Recognize the different realities between working in the office and working at home.  About 95% of our workforce is working remotely and managing new stressors. There may be kids and dogs in the picture. Schools are not open. Daycare is not open. Someone may need to leave a video conference because there is a sudden, unexplained bang in the other room. Or a personal matter may make a scheduled meeting impossible to attend.

Your primary role in management now is to keep people safe and recognize how they feel. There is a big need for increased empathy. Your team is going through things they’ve never dealt with.

Do managers need to adjust their style?

They may need to adjust their style very significantly, because we’re talking about matters of health and safety. This is not something where we can go away for two weeks or two months and study it. We need to make decisions quickly. So some of the principles of agile leadership apply.

Managers must be clear with their teams about the outcomes they’re trying to achieve. Then maybe step back a bit. All the face-to-face moments in the office, when you might run into someone and have a quick chat and come up with a solution, are gone. So it may mean more delegation, or allowing people to be more self-directed and to come up with solutions on their own.

Managers must be more flexible and empathetic. But, in reality, the key is good communication.

Mental health is so critical now. Any best practices that you'd share?

We need to recognize the fullness of the human experience as part of the workplace. Our business and personal lives are not as separated as they once were. And we are in a stressful collective experience, not just as a company and a nation, but as a global society.

There’s so much anxiety, but it’s important to understand what an individual’s driver of anxiety is, because it provides the groundwork to think about and talk about mental health.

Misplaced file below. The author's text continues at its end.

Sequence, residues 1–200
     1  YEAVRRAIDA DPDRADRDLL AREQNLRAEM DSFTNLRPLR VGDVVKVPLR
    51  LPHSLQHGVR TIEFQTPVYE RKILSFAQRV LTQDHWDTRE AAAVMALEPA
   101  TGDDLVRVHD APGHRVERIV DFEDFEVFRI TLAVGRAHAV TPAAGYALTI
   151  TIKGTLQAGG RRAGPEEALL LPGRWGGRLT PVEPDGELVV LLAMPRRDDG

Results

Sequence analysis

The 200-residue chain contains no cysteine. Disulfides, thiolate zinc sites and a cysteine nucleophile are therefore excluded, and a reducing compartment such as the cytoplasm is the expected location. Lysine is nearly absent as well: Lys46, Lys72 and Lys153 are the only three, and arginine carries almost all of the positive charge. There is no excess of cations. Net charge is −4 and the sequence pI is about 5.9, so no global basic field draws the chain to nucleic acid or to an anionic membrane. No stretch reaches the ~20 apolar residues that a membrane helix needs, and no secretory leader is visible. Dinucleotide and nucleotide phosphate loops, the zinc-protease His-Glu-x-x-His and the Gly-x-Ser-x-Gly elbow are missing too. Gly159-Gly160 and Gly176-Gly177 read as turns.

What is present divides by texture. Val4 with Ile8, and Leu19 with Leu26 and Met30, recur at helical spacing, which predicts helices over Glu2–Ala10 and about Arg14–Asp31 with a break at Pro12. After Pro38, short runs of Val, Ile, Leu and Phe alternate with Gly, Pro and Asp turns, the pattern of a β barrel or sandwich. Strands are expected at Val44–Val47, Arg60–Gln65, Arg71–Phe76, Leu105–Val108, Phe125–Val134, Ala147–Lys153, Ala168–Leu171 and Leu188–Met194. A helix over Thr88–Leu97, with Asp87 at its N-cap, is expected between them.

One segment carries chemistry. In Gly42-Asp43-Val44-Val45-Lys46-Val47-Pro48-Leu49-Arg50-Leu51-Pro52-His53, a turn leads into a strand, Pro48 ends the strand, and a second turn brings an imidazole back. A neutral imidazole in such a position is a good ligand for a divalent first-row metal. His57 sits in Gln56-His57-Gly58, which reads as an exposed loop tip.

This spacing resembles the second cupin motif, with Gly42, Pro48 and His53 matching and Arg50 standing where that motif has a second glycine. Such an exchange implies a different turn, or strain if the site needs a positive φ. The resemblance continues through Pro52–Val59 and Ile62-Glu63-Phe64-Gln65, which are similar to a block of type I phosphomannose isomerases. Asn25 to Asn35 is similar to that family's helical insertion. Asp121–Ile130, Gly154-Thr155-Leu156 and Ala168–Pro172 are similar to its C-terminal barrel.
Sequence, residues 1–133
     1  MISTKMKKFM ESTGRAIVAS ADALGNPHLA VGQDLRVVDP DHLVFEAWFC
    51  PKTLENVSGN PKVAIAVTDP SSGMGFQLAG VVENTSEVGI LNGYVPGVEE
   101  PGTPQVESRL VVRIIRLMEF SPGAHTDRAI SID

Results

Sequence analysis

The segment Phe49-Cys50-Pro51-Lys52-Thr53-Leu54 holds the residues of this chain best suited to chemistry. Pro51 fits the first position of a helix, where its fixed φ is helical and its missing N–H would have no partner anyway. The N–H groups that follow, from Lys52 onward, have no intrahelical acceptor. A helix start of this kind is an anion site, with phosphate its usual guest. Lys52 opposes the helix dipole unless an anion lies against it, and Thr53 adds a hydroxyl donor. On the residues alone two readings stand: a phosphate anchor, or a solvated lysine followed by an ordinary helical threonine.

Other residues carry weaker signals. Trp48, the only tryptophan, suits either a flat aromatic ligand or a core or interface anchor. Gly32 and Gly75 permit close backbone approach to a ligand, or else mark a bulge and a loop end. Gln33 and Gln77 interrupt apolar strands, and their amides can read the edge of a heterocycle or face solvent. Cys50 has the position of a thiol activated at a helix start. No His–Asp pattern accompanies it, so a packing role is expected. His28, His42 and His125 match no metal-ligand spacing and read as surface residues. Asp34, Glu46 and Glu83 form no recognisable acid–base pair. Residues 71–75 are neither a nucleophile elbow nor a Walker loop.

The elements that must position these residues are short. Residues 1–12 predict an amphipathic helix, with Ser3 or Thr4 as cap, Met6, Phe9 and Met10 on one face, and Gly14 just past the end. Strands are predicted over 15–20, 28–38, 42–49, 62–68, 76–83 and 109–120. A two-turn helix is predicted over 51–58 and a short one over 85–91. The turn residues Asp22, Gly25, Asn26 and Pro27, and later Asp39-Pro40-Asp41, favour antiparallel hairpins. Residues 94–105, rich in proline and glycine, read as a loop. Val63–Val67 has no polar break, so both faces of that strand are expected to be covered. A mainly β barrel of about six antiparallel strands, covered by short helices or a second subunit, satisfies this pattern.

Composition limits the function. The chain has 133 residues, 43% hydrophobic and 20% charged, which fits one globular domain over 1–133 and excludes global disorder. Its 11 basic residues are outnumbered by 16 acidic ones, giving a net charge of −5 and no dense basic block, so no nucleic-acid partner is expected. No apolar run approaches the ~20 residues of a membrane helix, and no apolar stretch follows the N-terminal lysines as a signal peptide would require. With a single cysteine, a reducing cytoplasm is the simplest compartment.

They may know someone who is sick or lost a relative. So there may be grief. They may have kids who have missed graduation ceremonies, so the normal markers of progress that you have worked so hard for have just been wiped out. These rituals of advancement are paused or even eliminated. That’s painful. We are experiencing this together, and it’s important to recognize that interconnection.

Are you starting to think about what a return to the workplace will look like?

I don’t think it will all happen in one day. It will be a measured approach. And when we return we’ll need to think about social distancing, because COVID-19 will not have gone away, and we will still be susceptible to it.

We’ll need to think about keeping desks further apart and how many people can be in the office. We won’t be able to interact with people the same way we did before. It’s time to consider more tactical floor plans and layouts to ensure that the workplace is safe. We also need to consider strategies if, for instance, a localized COVID-19 outbreak happens. We may suddenly all need to return to a home office environment.

What is the biggest lesson you've learned in the past few months?

It’s that fact-based decision-making is so important in a time of great uncertainty. Sometimes, in our day-to-day decisions, there can be an overreliance on past practices. That doesn’t work now, and it’s not helpful when we have new information coming in every day.

Before every decision, we have to ask: What are the facts? What do they mean? How have they changed? Because there is no past precedent in our lifetimes for this level of a public health crisis. You must make fact-based decisions, and then factor in human behavior on top of that.

In HR, we’re supporting the business, but we’re also dealing with human beings. We must remember how they behave and feel, now more than ever.